Mr. Yamamoto has had a long day.
Finally finished, he gets on his bicycle and winds his way through narrow streets lined with old, dusty shops and brown wood weathered houses. It’s winter, 6:30pm, and already dark. Heavy, white snowflakes fall in slow motion through an indigo sky, the way they have in Kyoto for 1400 years.
Mr. Yamamoto emerges from the back streets of Old Kyoto and into what looks like another world, wide avenues full of vertical neon signs, high rising financial institutions, and upscale department stores. He pulls in front of a Seven Eleven, grabs a bento, and a box of butter cookies to share during the break, gets back on his bike and realizes he’s late.
Mr. Yamamoto is a 50 year old high school math teacher who dreams of retiring. Inside his beat up leather briefcase, which is now resting, seemingly exhausted, in his bicycle basket, he’s got his students’ math exams, which he will be grading late into the night because, this evening, he will take a class he wants to take, a class for himself.
Mr. Yamamoto’s hoping to learn more about his body. He wants to have more energy. He wants to have some fun, do something good for himself. At the suggestion of a friend, against his better judgment, he signs up for a series of classes in the Alexander Technique.
About twelve students have gathered, men and women, old and young, people for the most part who just want to feel more alive, a bit lighter, a little happier.
Tonight I’ve been working with the students doing things they have to do at work that they don’t like doing. I worked with a man who receives phone calls from disgruntled customers complaining about what they just bought and wish to return. I worked with a woman scrubbing a wooden floor on her hands and knees. I worked with a man who has to listen to his boss yelling at him first thing in the morning.
It’s Mr. Yamamoto’s turn. He unsnaps his briefcase and slides out his stack of ungraded exams. He sits behind a desk in the front of the room, drops the pile of papers onto the desk, pulls out a pencil from his shirt pocket, lets out a big sigh, and begins.
I just watch, feeling how he feels, seeing what’s happening throughout his entire body. Under the table I can see that his feet and legs are turned in, especially his left leg. His pelvis is rolling back. His stomach’s tight. His chest is sunken. His head’s dropped and tilted to the left. His body looks like it’s crying, but Mr. Yamamoto is not crying. Then I see it: quiet, almost desperate, resignation.
Mr. Yamamoto scribbles something onto the first exam. “How did your student do?” I ask. “D. Not good.” Mr. Yamamoto continues. C. D. C+. F. He’s shaking his head. He’s aging right before my eyes.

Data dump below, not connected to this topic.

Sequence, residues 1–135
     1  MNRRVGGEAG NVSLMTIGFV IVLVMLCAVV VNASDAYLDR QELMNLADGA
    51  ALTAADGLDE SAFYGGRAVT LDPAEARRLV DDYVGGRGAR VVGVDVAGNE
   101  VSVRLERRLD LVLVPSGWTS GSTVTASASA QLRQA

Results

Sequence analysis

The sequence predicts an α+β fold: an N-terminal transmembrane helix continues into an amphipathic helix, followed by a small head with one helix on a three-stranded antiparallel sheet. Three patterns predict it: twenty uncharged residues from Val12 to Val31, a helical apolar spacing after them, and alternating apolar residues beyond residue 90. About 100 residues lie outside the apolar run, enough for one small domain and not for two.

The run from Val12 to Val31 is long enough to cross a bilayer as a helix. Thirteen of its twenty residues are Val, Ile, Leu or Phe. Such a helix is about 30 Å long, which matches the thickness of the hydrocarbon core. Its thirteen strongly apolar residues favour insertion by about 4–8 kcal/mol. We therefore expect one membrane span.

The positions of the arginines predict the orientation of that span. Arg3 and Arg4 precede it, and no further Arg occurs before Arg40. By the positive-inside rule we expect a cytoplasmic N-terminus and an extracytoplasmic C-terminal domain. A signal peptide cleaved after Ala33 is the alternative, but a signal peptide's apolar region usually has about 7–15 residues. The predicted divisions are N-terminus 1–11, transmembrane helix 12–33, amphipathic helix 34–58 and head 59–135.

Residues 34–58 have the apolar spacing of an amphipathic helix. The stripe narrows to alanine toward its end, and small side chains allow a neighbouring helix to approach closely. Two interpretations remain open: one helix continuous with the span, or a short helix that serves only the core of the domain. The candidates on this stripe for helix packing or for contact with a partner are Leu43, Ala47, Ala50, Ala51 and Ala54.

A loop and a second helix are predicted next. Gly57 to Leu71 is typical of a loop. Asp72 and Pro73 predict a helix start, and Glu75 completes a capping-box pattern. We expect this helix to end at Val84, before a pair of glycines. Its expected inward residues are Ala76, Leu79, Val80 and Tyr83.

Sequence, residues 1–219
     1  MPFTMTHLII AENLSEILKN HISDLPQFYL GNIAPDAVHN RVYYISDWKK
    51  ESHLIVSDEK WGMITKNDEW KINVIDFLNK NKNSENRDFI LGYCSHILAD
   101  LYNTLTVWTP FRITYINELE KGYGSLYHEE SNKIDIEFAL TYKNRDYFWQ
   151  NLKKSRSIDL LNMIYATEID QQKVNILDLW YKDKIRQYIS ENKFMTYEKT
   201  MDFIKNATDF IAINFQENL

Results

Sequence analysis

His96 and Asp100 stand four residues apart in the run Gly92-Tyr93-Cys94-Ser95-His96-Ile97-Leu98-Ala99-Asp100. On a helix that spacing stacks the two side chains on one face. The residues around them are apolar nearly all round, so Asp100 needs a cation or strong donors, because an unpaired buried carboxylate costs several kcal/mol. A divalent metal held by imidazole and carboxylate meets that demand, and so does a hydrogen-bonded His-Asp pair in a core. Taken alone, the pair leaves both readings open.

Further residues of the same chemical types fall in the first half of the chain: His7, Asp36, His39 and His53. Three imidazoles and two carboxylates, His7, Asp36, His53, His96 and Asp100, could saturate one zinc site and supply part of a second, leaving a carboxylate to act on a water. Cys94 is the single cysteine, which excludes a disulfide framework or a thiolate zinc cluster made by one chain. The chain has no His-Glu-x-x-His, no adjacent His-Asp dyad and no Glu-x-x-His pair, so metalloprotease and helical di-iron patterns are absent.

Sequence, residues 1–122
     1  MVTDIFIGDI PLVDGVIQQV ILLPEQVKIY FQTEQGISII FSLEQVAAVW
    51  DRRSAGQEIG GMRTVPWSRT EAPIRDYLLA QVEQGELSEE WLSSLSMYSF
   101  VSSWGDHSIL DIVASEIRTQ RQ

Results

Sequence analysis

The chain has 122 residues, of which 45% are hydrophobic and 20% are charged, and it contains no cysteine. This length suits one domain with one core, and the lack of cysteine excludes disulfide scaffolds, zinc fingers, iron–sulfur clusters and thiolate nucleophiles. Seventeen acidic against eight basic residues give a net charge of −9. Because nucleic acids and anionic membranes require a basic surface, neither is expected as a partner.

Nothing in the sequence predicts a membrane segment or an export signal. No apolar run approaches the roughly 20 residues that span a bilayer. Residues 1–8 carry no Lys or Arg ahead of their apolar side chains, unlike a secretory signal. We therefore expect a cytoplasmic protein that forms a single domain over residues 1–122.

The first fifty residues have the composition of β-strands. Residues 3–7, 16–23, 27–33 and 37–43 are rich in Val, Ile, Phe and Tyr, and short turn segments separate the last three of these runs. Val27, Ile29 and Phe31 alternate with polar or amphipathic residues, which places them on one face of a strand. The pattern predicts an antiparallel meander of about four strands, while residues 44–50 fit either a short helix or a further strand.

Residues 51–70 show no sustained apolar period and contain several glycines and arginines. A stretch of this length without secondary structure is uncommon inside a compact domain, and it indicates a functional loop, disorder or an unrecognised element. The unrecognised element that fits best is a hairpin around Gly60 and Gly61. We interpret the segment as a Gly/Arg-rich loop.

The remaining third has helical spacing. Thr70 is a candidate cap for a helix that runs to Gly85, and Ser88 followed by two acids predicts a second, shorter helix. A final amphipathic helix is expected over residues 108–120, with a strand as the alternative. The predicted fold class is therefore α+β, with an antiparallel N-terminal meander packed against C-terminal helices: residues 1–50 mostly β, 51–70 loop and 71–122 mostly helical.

“Mr. Yamamoto, (that’s what everyone calls him), how do you feel about my helping you a little?” “Onegaishimasu,” he says bowing slightly. Please help me. I walk behind him, softly place my hands, one on either side of his neck, and gently guide his head back on top of his body. His body rises up like a man underwater who’s finally coming up for air. His chest swells, his whole body expands reflexively in every direction. A thin, tired Mr. Yamamoto now sits at his desk exuding a quiet, focused authority.
“Okay, Mr. Yamamoto, begin grading your papers and let’s see what happens.”
B. Everyone smiles, but not Mr. Yamamoto. B+. Eeeeehhhhhhh!?, a rising sound heard when Japanese people are pleasantly surprised. More smiles and some laughter, but not from Mr. Yamamoto.
A. A. A+. A. Now everyone’s almost falling off their chairs. The laughter is irrepressible. Mr. Yamamoto remains still and expressionless. I’m not sure what he’s feeling. I’m doing my best to stick with him, but the unbridled laughter in the room is too contagious. I just lose it.
And, suddenly, so does Mr. Yamamoto. He’s laughing so hard tears are rolling down his cheeks. “Maybe those crazy Buddhists are right”, Mr. Yamamoto says. “Maybe the world is nothing but one big mirror.”
“On that note, let’s finish,” I say. Quickly everyone sits in a circle on the floor, kneeling in seiza, and bows deeply. Still smiling from ear to ear, we loudly exclaim, “Doumo arigatou gosaimashita.” Thank you very, very much.
We’re thankful to be together, thankful to be learning, thankful for a little lightness in our lives.
Mr. Yamamoto throws his scarf around his neck, tosses his briefcase into the basket, and hops on his bike. The crisp night air fills his lungs. The snow looks whiter. It’s swirling. It’s falling up.